The graphs are automatically generated using the graph explore API by means of the Java REST client. Our Java code prepares Graph API requests, controls REST communication with Elasticsearch index and stores Graph API responses in JSON format.
After generation of the business network graphs for the period under study, processing and evaluation is carried out using the scientific programming environment MATLAB. This is a numerical computing environment with a proprietary programing language and with a large set of computational toolboxes for almost any type of numerical or symbolic computation. For this analysis, graph toolbox routines were exploited which are capable of manipulating and processing graphical objects. The graph toolbox also implements a rich set of sophisticated graph and network algorithms which were applied for the evaluation of the time-dependent properties of the business network.
The technical solution described here is only a small part of our overall infrastructure with the Elastic Stack in the center. This infrastructure was built with a focus on flexibility and adaptability to the varying content of processed data and with less attention paid to the size of imported data.
The first analysis procedure looks at a simple graph parameter – number of nodes. Figure 4 shows the growing number of nodes of the business network graph over time.
The overall number of nodes increased by factor of approximately 5, and clearly corresponds to a growing number of projects and a growing number of customers and suppliers. However, with respect to the node type, the suppliers exhibit the highest growth factor at almost 8. Another interesting centrality metric is the order or degree of a node. For undirected graphs, the degree of a node is defined as the number of edges connected to a node. Our time evolution shows a growing average node degree, and this is mostly driven by the increasing average degree of the supplier’s nodes. As the supplier nodes typically serve more projects than customer nodes, they naturally form high-degree hubs.
The average degree of customer nodes is shown in Figure 5:
The increase is about 30% during the observed period. It demonstrates that the involvement and retention of customers is increasing. We can even speak about new customer class, let’s called them super-customers, which are growing and changing our customer landscape.
The next important network parameter, which was already mentioned it in the introduction discussion, is the degree of separation. In the case of our business network, we are searching for degrees of separation between any pair of customers nodes and it is computed using the shortest path between any pair of customer nodes. Figure 6 displays how the average shortest path is changing during observed period.
We can recognize the slow but permanent trend of a decreasing average shortest path between customers, especially in the second part of the graph, after 2013. The nature of our business graph differs in several aspects from simple single node-type graphs such as social network graphs. In the business network, direct connection between customers are not possible but must be intermediated through project nodes, so the only way to decrease the degree of separation between customer nodes is by increasing the number of customers which participate in more than one project. Such customer behavior exactly corresponds to the growing, already mentioned, group of super-customers. In addition, the increasing importance of suppliers providing numerous additional services creates additional connections, and also contributes to the decreasing degree of customer separation.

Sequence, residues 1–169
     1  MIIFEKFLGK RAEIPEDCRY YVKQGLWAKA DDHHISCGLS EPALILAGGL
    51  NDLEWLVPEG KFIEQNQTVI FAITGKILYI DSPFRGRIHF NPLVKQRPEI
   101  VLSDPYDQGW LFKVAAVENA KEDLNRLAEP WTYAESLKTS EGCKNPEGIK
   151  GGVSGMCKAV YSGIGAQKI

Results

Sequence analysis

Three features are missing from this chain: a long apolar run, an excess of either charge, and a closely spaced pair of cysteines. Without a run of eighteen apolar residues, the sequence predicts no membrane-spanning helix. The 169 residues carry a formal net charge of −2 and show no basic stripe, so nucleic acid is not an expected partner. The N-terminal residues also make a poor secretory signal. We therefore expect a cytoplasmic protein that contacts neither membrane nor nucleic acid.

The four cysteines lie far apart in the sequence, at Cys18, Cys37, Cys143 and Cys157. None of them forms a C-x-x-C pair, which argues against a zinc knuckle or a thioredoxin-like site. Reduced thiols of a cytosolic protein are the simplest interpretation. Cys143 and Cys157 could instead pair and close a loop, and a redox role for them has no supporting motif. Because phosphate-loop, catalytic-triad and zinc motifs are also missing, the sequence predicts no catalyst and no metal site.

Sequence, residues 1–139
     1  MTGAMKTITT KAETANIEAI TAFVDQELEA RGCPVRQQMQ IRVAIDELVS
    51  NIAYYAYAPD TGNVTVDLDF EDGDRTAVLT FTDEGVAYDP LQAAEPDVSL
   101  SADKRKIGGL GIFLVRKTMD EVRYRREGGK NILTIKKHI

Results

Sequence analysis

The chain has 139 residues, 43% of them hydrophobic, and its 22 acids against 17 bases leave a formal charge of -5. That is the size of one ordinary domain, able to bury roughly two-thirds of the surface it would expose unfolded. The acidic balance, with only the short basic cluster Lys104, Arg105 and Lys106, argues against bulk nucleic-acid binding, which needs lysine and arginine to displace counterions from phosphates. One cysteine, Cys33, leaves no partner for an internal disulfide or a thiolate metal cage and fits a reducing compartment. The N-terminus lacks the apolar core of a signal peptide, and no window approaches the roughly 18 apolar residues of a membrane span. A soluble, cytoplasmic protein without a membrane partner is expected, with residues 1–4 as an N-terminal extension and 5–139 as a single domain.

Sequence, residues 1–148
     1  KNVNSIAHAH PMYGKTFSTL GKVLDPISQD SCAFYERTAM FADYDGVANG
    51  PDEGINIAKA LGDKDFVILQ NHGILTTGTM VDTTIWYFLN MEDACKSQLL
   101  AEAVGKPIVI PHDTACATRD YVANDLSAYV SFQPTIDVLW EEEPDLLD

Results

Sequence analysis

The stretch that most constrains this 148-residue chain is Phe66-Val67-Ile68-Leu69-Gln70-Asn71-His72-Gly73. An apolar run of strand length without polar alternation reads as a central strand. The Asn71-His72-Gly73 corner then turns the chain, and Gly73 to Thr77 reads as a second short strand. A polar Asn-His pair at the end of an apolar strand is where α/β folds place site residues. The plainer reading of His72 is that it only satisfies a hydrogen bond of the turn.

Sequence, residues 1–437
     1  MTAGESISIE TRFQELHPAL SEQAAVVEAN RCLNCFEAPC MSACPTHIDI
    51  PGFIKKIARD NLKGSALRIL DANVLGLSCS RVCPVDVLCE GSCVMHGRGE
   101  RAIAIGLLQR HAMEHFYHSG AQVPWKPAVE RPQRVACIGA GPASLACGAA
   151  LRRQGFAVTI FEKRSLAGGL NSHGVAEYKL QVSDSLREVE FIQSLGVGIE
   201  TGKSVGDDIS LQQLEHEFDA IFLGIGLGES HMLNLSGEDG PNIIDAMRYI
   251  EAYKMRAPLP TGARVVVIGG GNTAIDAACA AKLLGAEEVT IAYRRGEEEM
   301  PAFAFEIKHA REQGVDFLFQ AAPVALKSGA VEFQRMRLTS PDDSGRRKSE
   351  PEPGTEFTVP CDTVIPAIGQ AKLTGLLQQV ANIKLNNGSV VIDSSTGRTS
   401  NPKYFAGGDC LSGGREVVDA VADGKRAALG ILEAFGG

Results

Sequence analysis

The last centrality parameter to be discussed is called betweenness, and is based on shortest paths. The betweenness metric captures how often a graph node appears on a shortest path between two nodes in a graph. Specifically, the betweenness c(u) for a node u is defined as:
Where nst(u) is the number of shortest paths from node s to node t that pass-through node u, and Nst is the total number of shortest paths from s to t. In general, the higher value of this centrality metric means the increasing importance of a node. The analysis shows that increasing the average betweenness for all types of nodes is driven mainly by the growing betweenness value of project and vendor nodes. Figure 7 displays this trend of growing betweenness of project nodes:
These results nicely correspond to the already concluded observations about growing number and complexity of our project and growing number and involvement of our suppliers.
In this blog, we presented a part of Imec Innovation Services and Solutions' infrastructure based on the Elastic Stack for modeling business partner network. The business network has evolved over time towards a much denser structure. Two main factors behind such structural changes are identified: the increasing number of suppliers due to the focus on providing more complex offering, more services along IC production chain and a growing class of so-call super-customers involved in more projects and that returned repeatedly. These two factors overlap and influence each other and together drive the changes in business activities.
We generated hundreds of business partner network graphs covering time evolution from 2004 till now and exported results into MATLAB computational environment. We apply various node centrality analysis to understand how business model of Imec Innovation Services and Solutions is changing and how is these changes reflected in the structure of business partner network. It was proven that the described approach based on modeling and analysis of business partner network as a kind of social network including its time evolution is a relevant method to study significant changes in existing business models.
Petr Dobrovolný is a software engineer who received his M.Sc. and Ph.D. degrees from the Brno University of Technology, Dept. of Microelectronics, in 1987 and 1998, respectively. During his Ph.D. studies he investigated the problem of the symbolic analysis of large analog circuits in the cooperation with the KUL, Dept. ESAT-MICAS. Since 1999, he has been with Imec, where he was involved in research and development projects focused on analysis and system level design of mixed-signal and digital electronics systems. Currently he is a member of the Business & Technology Strategy group of imec.IC-link. He is responsible for architecting and implementing business analytic framework aimed to generate various descriptive and predictive analysis results on top of internal IC-link business, operational and technology data.